Divorce is often a challenging and lengthy process. It can be even more challenging when one spouse opposes the divorce and refuses to respond or cooperate. During these situations, it is crucial to understand that there are several options available if you find yourself in this scenario. One of those options is a default divorce. An experienced California divorce attorney can often be the solution to successfully completing your default divorce in the state of California.

The most important information to note is refusing a divorce or ignoring it altogether will not prevent the divorce from proceeding. California is a no-fault state, and under California state law, the spouse’s consent is not a requirement for a divorce to be finalized. Therefore, it is absolutely possible for a divorce to proceed without any voluntary involvement from the non-responsive spouse. In this scenario, a default divorce can be requested.

Default Divorce in Orange County

True Default Divorce

A default divorce can help resolve divorces where one spouse attempts to prevent the divorce by refusing to respond to the filing or evading the process server. Once a divorce has been submitted, the non-filing spouse has thirty days to issue a response. If there is no response within that thirty-day window, then the filing spouse can request the court to issue a default divorce.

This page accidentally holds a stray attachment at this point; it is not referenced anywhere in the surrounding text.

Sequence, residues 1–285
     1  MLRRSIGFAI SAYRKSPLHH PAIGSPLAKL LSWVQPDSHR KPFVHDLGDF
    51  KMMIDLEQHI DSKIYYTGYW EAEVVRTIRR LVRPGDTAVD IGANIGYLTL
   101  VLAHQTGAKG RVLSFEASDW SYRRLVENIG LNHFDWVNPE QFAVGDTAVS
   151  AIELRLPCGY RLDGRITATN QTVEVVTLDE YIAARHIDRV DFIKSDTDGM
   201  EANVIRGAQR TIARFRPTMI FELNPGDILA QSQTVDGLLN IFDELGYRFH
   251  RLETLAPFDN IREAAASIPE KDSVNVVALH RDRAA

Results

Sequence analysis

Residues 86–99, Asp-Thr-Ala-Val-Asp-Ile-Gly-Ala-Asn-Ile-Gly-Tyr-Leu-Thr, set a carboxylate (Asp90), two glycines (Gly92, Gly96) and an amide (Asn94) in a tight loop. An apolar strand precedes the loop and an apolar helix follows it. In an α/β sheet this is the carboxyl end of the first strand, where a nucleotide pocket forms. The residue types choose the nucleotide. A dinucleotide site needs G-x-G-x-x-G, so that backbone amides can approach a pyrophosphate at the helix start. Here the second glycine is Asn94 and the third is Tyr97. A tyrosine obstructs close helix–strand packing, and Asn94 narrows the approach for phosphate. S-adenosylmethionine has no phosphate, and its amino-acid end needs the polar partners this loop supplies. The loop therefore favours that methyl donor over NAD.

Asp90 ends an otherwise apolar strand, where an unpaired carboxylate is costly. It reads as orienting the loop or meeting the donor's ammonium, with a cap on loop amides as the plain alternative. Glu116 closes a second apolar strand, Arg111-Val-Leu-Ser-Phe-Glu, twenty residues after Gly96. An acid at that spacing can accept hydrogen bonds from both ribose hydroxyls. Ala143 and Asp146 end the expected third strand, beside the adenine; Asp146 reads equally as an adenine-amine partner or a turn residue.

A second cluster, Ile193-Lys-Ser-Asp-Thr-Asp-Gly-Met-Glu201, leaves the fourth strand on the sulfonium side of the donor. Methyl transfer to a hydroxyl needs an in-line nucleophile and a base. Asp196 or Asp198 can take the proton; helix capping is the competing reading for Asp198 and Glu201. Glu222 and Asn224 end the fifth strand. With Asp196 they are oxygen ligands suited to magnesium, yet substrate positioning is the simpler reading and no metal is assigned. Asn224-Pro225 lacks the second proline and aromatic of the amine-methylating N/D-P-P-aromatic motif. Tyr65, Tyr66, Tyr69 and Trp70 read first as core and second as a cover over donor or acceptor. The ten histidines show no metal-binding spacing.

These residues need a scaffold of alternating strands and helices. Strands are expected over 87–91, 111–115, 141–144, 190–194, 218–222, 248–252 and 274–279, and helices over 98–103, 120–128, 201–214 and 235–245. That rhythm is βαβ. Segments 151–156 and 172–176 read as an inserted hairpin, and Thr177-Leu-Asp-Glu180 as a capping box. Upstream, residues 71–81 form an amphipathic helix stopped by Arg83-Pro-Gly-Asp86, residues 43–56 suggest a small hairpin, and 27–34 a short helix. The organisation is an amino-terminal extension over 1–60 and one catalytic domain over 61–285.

A default divorce notice will be sent to the non-responsive spouse, giving them another opportunity to appear before the court and provide their response. If again the spouse does not respond, then the judge will most likely rule in favor of the filing spouse.

In the eyes of the judge and the court, the spouse’s unresponsiveness indicates that the spouse is not willing to cooperate and, therefore, does not wish to be included in the divorce settlement proceedings. The filing spouse will most likely be granted the settlement they request from the judge.

Default Divorce With Agreement

There is also a situation in which both spouses do agree, and they both decide to proceed with a default divorce. The reason for this is that a default divorce can often be much cheaper to file. For example, if the non-filing spouse does not respond, then they will oftentimes not have to pay the court filing fee.

Another benefit to a default divorce with agreement is that the judge will often rule in favor of the default agreement. This means that however the spouses agreed to split up assets, decide alimony payments, etc., will most likely be granted.

The process for getting a default divorce with agreement begins with drafting up a divorce settlement that outlines how the spouses plan to divide assets, child custody, alimony payments, etc. The filing spouse then files the required court paperwork for divorce. The non-filing spouse will then receive the divorce paperwork, to which they will not respond. After the thirty-day window is up, the forms can be finalized, and the divorce agreement can be granted.